Ethics approval and consent to participate
All procedures performed in studies involving human participants were in accordance with the ethical standards of the institutional research committee and the data used in our research acquired administrative permissions, consent waiver obtained from the institutional ethics committee of Fujian Maternity and Children’s Hospital. The study was legally approved by the institutional ethics committee of Fujian Maternity and Child Health Hospital and conducted in accord with the guidelines of the Declaration of Helsinki, and the rights of all participants were protected.
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All data was anonymous. Therefore individual consent for publication was not required.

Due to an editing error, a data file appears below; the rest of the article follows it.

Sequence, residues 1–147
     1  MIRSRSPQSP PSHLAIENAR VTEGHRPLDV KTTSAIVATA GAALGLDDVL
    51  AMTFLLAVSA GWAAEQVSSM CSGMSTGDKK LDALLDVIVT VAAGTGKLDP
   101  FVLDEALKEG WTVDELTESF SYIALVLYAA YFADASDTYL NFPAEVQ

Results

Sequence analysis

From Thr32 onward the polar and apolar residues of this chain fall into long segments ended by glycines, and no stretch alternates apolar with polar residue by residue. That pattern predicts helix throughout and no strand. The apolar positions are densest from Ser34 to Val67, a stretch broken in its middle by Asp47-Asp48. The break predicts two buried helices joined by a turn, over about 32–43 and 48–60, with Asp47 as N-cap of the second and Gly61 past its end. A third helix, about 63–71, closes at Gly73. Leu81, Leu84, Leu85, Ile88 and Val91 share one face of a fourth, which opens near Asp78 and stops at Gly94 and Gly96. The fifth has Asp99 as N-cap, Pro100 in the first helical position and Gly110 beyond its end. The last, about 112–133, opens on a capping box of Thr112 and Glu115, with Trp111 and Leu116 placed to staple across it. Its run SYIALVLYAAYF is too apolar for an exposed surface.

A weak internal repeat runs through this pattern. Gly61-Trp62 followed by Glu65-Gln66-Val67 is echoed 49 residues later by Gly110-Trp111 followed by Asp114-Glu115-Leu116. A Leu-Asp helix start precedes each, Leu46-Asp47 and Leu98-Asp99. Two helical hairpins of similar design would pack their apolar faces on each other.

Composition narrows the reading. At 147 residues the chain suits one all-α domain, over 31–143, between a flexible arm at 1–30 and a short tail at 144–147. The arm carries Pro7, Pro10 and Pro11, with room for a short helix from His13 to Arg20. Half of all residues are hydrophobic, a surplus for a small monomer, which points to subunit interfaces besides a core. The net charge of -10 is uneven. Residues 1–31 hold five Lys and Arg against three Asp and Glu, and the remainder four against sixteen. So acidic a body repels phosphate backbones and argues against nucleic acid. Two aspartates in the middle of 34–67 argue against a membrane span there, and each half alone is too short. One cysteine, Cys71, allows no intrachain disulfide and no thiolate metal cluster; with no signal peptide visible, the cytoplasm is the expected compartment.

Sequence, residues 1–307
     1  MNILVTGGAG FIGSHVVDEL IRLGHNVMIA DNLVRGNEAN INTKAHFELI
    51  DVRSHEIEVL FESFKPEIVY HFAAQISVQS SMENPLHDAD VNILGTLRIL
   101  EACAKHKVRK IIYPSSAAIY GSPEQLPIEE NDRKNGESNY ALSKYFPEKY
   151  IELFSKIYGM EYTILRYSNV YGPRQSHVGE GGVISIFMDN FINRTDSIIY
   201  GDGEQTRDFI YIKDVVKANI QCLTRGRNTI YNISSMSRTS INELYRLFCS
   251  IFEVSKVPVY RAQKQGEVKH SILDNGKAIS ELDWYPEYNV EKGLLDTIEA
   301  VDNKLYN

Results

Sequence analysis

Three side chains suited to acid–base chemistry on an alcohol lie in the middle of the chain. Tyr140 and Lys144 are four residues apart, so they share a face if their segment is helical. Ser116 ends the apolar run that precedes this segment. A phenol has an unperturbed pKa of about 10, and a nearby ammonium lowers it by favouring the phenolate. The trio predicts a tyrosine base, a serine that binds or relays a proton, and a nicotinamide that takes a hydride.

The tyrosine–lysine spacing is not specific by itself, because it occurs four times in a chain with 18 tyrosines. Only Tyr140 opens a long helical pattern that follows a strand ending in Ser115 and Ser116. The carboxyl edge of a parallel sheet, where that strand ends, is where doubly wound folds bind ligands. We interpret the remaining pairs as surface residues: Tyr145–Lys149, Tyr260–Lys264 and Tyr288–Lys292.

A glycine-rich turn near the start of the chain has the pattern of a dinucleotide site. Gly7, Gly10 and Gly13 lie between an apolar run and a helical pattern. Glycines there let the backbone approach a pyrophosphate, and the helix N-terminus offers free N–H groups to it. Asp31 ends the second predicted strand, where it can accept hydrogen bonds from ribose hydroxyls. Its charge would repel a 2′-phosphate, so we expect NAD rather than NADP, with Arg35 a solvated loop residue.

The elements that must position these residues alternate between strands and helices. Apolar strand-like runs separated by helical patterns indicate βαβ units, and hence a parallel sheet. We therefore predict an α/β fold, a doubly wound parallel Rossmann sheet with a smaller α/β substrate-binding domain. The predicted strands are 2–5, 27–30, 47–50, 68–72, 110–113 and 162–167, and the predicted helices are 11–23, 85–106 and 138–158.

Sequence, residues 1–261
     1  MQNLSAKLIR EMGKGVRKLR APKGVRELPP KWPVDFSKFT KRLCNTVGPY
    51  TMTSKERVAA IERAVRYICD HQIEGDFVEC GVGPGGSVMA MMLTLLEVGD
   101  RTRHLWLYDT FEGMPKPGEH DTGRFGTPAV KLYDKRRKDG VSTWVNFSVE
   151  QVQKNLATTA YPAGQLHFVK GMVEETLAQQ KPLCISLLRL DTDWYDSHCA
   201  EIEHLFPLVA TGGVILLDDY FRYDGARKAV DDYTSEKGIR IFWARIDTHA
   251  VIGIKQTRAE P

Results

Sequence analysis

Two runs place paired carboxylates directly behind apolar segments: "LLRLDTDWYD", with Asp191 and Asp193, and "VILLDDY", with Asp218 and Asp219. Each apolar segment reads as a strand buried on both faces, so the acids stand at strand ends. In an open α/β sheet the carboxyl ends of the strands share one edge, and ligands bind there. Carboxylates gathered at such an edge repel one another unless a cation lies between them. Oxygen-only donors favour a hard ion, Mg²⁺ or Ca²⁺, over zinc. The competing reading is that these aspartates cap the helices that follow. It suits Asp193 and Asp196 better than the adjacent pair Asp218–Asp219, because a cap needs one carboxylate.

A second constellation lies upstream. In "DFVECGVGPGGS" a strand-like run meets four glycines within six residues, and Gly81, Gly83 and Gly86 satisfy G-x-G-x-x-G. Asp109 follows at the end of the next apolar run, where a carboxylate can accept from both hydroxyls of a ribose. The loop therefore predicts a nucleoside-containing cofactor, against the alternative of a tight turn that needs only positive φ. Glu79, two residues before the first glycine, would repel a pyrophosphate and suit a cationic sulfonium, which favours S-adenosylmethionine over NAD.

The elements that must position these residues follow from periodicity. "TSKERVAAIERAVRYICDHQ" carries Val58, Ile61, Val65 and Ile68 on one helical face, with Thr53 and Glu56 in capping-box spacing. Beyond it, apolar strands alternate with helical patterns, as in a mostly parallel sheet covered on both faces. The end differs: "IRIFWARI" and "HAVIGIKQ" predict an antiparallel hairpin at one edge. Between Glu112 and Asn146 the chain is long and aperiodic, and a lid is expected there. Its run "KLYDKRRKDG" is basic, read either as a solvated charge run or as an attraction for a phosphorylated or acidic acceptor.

The authors declare that they have no competing interests.
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Zheng, S., Zhang, H., Chen, R. et al. Pregnancy complicated with hepatitis B virus infection and preterm birth: a retrospective cohort study. BMC Pregnancy Childbirth 21, 513 (2021). https://doi.org/10.1186/s12884-021-03978-0
- Hepatitis B virus
- Preterm birth
- Retrospective cohort study
- Logistics regression